Joy is very loosely based on the life of self-made entrepreneur and mogul Joy Mangano. Director David O. Russell attempts to strike gold a second time by reuniting the cast from Silver Linings Playbook (Jennifer Lawrence, Robert De Niro, and Bradley Cooper), but the results are less than stellar. Joy uses Mangano’s life story as a springboard to tell a story about generational family failure and a fierce determination to succeed despite hardship and tragedy.
Joy succeeds brilliantly in its acting and its family dynamic. Jennifer Lawrence anchors the film as Joy, and is the glue that holds her completely dysfunctional family together. What’s more she’s intelligent and strong willed, but is forced to put her ambitions on hold to help her family survive. As Joy struggles to be the strong matriarch her family needs, she grows from a punching bag, into a strong confident woman. Incidentally the best scene in the film is when Joy embraces her role as the family matriarch and tells her sister and father, not to interfere with her business again. Her entire demeanor, right down to her clothing, change as she takes charge of her destiny. It's done in a dramatic Godfather-Michael Corleone-to-Fredo-style and signifies how far her character evolved.
Her family, on the other hand, is a strange but well defined collection of oddballs. Robert De Niro leads as Joy’s slightly supportive but extremely irrational and passive aggressive father. Her mother, meanwhile, is addicted to a terrible soap opera and hasn’t allowed a man into her room in eight years. All the while, Joy’s ex-husband, Tony, lives in the basement and bickers with her father. Worst of all she has to deal with her extremely incompetent, jealous, and frustrating half-sister Peggy. Thankfully, not all of Joy’s life is filled with miserable people; she gets love and support from her wonderful and steadfast Grandma, her best friend, and ironically, her ex-husband. Joy is constantly hampered by stupidity caused by her family. The film really gives the impression that the family would have imploded years ago if it weren’t for Joy.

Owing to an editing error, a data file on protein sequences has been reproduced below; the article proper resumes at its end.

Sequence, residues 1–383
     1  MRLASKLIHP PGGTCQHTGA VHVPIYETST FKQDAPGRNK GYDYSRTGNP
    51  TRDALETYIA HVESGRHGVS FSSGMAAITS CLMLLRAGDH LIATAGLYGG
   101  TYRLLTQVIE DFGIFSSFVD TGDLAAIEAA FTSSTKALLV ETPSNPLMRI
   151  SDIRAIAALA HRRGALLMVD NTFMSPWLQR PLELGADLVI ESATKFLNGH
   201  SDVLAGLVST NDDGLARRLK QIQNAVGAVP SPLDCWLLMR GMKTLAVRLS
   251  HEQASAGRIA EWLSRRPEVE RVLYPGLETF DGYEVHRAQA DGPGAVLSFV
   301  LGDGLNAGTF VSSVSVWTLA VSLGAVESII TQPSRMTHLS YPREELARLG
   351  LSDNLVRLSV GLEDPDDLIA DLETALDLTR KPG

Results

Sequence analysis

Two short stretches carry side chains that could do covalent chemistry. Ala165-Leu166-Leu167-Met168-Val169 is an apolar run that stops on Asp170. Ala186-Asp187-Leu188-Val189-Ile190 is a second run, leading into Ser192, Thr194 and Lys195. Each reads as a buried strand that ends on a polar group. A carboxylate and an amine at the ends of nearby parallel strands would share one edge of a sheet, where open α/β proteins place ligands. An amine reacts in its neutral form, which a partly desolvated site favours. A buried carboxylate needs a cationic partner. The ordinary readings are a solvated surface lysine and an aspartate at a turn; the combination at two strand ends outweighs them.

In spite of the acting and fantastic family dynamic the film has many faults. Joy is a bit on the nose with its metaphors in the film. This is especially evident when Joy reads aloud that cicada’s burrow into the ground for seventeen years, the same amount of time she had been putting off achieving her dreams because of her parents’ divorce. Moreover, in the beginning of the film, Joy and her mother are allegorically linked to a purposefully bad soap opera, which is extremely heavy handed and didn’t add much to the film. Likewise, the story tends to wander with abrupt flashbacks and flash-forwards, when all we really want to see is Joy’s struggle and ultimate triumph in the present. The near constant problems and tragedies that befall her are almost comical, but Lawrence manages to keep the film grounded. Finally, the ending leaves a lot to be desired. It dangles tantalizing tidbits of interesting information from Joy’s future that may have been cut from the film. Perhaps they ran out of time or money, either way it's an unfortunate misstep that fails to furnish the film with a satisfying conclusion.
Joy is definitely a quirky film that will undoubtedly have many supporters. The movie should have had a more fleshed out and deliberate Michael Corleone style rise to power or they should have cut the epilogue from the film entirely. Joy's meandering pace and rushed ending ruin what could have been a multi-generational family epic: detailing the struggle and ultimate triumph of Joy from the bowels of family failure through sheer will. This is a shame, because the pieces are all there to make a great film.
TLDR: Joy is an odd tale of a well characterized but truly dysfunctional American family. Buoyed by a strong performance from Jennifer Lawrence, it's an average film with untapped potential. 3/5 Stars